Snap Back to Reality: Saad Hariri Returns as Lebanon’s PM

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On the first anniversary of his resignation, Lebanese Prime Minister Saad Hariri is once again tasked with forming a government. Last year, protests broke out across the country in what became known as the 2019 October Revolution, which demanded the removal of the corrupt political regime in its entirety. These demands came as a direct response to a crippling financial and banking crisis but reflected many grievances resulting from the decades-long sectarianisation of social and political life.

Succumbing to protestors’ demands, Hariri resigned from government in late October 2019, nominally for the sake of the country’s ‘dignity and safety.’ This was a politically savvy signal that he was unwilling to continue working under the rule of President Michel Aoun’s Free Patriotic Movement (FPM), an ally of Hezbollah, and it doubled up as a transfer of blame. However, having served three terms, Hariri personally oversaw the country’s plunge into an unprecedented economic crisis and offered political coverage to those who helped engineer it. After a year of cataclysmic events for Lebanon, including the Beirut port explosion and the Covid-19 pandemic, was Hariri really the only option for PM? This decision makes it clear that in Lebanon, political life excludes the broader Lebanese population and blatantly prioritises the agendas of the political and economic elite.

Martyr’s Square, Beirut, November 2019. Taken by author.

Realpolitik, or No Time for Dreamers

Hariri’s return came as a big disappointment to citizens who had held on to the hope for change. However, for the Lebanese political class Hariri is a seasoned politician with the international connections needed to negotiate on Lebanon’s insurmountable debt and fragile geopolitical standing. Domestically, he has a ‘working relationship’ with most political actors, including rival Hezbollah. On Thursday, Hariri was elected PM with 65 out of 120 votes in parliament. Support came from his own Future Party, the Amal Party, the Syrian Socialist Nationalist Party (SSNP) and the Progressive Socialist Party (PSP), while FPM, Hezbollah and the Lebanese Forces (LF) abstained. Despite Hezbollah’s abstention, the party tacitly encouraged Hariri to return in order to stabilise the country. Still, Hariri won by a slim majority and might experience hurdles in forming and running his cabinet. Is this, however, the right time to return to realpolitik?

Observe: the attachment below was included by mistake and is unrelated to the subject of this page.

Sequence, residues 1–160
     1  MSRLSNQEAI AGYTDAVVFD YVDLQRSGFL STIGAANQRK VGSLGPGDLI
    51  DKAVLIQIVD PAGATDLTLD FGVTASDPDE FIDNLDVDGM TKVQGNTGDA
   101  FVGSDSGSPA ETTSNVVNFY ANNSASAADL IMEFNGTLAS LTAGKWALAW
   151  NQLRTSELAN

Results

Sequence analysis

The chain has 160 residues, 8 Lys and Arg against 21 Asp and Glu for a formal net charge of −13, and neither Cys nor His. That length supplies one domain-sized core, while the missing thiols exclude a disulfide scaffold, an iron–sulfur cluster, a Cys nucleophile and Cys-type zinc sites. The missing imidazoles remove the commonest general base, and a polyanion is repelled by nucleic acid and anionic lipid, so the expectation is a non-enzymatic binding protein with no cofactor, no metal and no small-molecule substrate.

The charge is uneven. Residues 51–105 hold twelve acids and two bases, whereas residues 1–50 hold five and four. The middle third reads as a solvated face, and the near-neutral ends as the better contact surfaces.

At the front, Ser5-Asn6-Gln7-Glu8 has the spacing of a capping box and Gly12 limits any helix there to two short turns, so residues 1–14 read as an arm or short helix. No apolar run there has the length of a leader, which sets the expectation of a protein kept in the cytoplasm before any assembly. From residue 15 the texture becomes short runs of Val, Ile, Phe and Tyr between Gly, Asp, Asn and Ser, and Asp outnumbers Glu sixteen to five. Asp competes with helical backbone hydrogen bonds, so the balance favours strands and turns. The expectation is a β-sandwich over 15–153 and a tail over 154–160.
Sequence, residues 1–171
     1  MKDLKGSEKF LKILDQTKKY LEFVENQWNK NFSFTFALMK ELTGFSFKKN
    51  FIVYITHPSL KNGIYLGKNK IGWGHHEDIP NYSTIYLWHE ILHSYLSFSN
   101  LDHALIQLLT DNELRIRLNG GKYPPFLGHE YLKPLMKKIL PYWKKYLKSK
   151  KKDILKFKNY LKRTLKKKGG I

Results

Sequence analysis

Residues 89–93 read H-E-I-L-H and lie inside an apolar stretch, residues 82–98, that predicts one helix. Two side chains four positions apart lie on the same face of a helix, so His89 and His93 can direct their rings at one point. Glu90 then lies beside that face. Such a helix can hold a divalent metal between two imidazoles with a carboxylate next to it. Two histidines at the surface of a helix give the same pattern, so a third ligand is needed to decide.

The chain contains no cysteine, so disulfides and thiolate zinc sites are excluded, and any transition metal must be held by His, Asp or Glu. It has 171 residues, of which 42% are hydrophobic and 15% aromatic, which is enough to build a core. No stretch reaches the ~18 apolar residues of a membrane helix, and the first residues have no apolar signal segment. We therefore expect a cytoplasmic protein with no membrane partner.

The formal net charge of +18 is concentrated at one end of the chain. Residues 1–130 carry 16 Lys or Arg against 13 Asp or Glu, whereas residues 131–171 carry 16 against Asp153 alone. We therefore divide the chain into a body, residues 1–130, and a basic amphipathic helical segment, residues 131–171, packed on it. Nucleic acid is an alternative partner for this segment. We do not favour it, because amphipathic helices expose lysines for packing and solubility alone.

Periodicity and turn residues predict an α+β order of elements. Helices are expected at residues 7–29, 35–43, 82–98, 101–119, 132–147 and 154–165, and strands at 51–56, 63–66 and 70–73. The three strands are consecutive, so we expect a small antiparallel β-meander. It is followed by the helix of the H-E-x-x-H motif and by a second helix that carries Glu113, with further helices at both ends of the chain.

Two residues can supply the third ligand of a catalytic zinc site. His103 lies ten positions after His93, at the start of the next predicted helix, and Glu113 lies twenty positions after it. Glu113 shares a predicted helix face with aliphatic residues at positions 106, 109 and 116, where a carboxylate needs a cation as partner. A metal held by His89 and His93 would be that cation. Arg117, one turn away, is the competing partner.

Other Options Have Failed 

Throughout the year, there have been multiple unsuccessful attempts to cobble together a functioning government. Hassan Diab, a politically inexperienced academic who formed a technocratic government in December 2019, failed to push the necessary political or economic reforms and resigned following the Beirut explosion. In the weeks after the explosion, French President Emmanuel Macron visited Lebanon twice to secure support for a new political process and recommended diplomat Mustapha Adib for the PM position. Adib was made PM-designate in late August, but his plans to form a cabinet of independent specialists were undermined by the unwillingness of political parties to cooperate. He resigned a month later, much to the chagrin of President Macron, who accused the Lebanese politicians of betrayal and prioritising their own interests at a time of national emergency.

A Year of Woes